Having somehow managed to survive a deadly windmill fire, the sad, confused Monster (Karloff) bolts off into the European countryside. Meanwhile, his disillusioned creator, Henry Frankenstein (Clive) reluctantly assists his demanding, demented mentor, the booze-guzzling Dr. Pretorius (Thesiger), in a mad plan to create a female companion for the rampaging creature. But Monster and Bride, they will eventually learn, just weren't meant to be.
Why we love it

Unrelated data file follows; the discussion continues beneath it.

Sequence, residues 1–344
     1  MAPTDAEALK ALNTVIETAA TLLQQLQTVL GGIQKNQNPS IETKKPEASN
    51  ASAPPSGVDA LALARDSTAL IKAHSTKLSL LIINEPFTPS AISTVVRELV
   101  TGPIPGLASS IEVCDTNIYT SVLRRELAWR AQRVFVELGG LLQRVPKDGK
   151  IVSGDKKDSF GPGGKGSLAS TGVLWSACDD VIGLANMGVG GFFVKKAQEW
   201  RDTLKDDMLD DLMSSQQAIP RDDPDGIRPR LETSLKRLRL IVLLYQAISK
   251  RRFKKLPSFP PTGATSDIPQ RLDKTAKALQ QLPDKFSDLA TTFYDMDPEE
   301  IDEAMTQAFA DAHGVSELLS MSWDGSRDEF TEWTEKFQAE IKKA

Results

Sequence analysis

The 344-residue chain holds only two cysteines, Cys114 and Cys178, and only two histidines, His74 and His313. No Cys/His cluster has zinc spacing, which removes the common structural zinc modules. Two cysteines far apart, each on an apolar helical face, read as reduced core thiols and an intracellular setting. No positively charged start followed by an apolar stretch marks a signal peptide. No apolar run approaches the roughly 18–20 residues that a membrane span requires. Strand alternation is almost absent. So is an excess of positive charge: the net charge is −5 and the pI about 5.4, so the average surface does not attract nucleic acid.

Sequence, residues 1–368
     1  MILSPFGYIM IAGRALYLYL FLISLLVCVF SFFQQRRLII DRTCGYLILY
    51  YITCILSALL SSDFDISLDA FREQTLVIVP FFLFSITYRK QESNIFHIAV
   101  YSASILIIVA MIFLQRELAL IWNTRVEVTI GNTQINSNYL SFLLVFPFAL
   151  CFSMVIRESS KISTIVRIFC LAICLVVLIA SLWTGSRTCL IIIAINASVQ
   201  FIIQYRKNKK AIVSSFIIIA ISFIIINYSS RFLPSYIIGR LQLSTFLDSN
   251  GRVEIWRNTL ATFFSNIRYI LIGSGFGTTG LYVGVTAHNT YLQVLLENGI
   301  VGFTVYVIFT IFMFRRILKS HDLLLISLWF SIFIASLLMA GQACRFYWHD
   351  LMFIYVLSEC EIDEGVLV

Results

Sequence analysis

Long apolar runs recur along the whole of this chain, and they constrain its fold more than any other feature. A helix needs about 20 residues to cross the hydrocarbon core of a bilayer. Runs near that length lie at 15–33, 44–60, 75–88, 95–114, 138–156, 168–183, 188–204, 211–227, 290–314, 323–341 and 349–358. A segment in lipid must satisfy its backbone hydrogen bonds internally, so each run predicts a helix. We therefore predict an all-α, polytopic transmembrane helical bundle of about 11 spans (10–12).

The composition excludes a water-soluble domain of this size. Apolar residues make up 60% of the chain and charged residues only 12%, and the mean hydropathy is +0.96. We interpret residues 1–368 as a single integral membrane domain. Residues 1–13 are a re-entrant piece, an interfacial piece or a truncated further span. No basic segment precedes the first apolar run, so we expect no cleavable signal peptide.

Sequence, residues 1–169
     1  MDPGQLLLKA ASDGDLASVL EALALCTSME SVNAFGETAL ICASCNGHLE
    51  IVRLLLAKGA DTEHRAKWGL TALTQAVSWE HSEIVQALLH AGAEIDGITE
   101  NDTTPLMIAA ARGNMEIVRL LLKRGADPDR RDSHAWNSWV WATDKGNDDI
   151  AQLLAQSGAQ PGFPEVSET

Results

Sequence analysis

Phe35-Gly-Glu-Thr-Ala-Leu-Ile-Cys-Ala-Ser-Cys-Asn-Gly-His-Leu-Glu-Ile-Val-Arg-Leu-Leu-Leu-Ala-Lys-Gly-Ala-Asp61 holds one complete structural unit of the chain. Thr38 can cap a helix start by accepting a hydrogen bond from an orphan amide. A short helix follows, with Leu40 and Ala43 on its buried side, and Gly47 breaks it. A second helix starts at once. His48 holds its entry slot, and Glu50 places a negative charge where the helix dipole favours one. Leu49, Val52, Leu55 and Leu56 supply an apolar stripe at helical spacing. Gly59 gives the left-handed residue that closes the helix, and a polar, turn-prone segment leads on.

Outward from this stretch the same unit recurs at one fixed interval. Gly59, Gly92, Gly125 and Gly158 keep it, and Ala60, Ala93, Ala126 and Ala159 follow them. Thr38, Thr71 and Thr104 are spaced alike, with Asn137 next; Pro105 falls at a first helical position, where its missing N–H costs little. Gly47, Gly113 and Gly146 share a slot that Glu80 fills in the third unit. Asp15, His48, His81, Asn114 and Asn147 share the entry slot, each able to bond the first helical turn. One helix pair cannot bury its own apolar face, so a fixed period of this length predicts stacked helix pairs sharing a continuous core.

Whale's brilliant, wonderfully cheeky sequel to "Frankenstein" managed to equal its predecessor in terms of tone and originality, while adding sly barbs of humor. Apart from Whale's clever, offbeat direction, the film's success is due to the marvelous cast of eccentrics: Thesiger's weird, malevolent turn as Dr. Pretorius, Dwight Frye's nutty hunchback, and the mesmerizing Lanchester, playing both author Mary Shelley in the prologue, and the shrieking Bride in a now-iconic white streaked fright wig. Then, of course, there's Karloff, whose sad, tragic attempts to speak and connect with others simply underscore his tortured pathos. Wed yourself to the morbidly endearing "Bride."